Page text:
What We Can Learn From Mizzou and Yale

The University of Missouri. (Photo courtesy Pixabay user skeeze).

Stories of protests on college campuses have been making national headlines. These stories are still unfolding and new info is coming out every day.

Claims of racism have plagued the University of Missouri and a rash of student protests have led to multiple resignations, including that of the President. The Yale protests started over Halloween costumes, which students have called offensive; many students demand the firing over the suggestion from a member of administration who dared to question the idea that perhaps people should be able to wear whatever they want on Halloween and others should be open to this.

These are delicate issues, but there is an obligation present to call something for what it is: these protests are as much about entitlement and PC culture as they are about race. Furthermore, the behavior of some students has been downright horrid, which deserves to be acknowledged.

While I am sympathetic to anyone who has faced racism in their life, that doesn’t mean these protestors are necessarily in the right. Missouri students gathered around a student activist engaging in a hunger strike over claims of racial slurs and a swastika being found on campus. Tasteless yes, but are these few instances really grounds for the dismissal of the school’s President?

What about Yale? All a member of administration did there was suggest that perhaps people should stop worrying about what others wear on Halloween. If they really have a problem with it, says the administrator, they ought to ignore it or engage in productive dialogue. Students are now calling for this person’s removal and demanding an apology. Apologize for what? A polite, measured, and rational response to what should have been a minor controversy?

The fact that anyone could claim offense over such a situation is mind-boggling. Yet, a video exists of a student screaming at the husband (also a faculty member) of the professor in question while a large crowd does nothing. The disrespect in that video is shocking. The student who acts in this manner claims she deserves respect yet has none for anyone who dares to raise the slightest objections to what she believes.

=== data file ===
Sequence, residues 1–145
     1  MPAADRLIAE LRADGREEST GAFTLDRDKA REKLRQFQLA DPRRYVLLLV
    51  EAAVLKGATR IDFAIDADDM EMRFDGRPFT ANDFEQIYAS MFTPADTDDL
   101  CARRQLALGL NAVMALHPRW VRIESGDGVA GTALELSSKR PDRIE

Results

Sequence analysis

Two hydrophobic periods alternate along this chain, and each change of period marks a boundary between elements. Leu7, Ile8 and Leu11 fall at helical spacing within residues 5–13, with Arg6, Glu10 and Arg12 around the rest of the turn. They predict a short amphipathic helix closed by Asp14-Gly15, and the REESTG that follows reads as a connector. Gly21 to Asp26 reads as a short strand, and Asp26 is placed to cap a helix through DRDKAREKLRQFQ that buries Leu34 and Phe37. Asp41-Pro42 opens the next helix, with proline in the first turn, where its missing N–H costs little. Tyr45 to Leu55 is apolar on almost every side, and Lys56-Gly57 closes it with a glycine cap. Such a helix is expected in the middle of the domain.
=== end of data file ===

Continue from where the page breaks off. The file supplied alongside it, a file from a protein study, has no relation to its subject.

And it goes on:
This student does not deserve respect and it is she who does not deserve to continue to be a part of that school’s community. Frankly, I would expel her and I would do so without a moment’s hesitation.

Add to the video of students bullying a photographer for simply wanting to take pictures. A professor tells the cameraman he cannot film on public property and calls for “muscle” to remove him. This is borderline fascist behavior, coming from a professor no less. Demands for “safe spaces” and inclusion are prominent. Yet, where is the inclusion for anyone not standing the protesters?

In addition, protesters complain about hurtful speech and not feeling safe. This is simply PC culture running rampant. Unfortunately for them, they live in a country that holds the first amendment in high regard. Despite the recent video of a student claiming the first amendment doesn’t protect students “creating a hostile and unsafe learning environment.”

There is no law entitling her protection from hurtful or upsetting speech; it’s a fundamental right of our democracy that anyone can say anything they want, which many of these protestors seem to have trouble grasping. How do some of these people expect to survive once they are out of college and dealing with the real world? That is, a place with no safe spaces, where people have to hear things they don’t like and free speech cannot be shut down.

The reason I ask what we can learn from this is because there are lessons here. These protestors demonstrate the value of tolerance and the pitfalls of the ‘outrage culture.’ They show us all what political correctness looks like when taken to the extreme and they remind us of the value of free and open debate in our society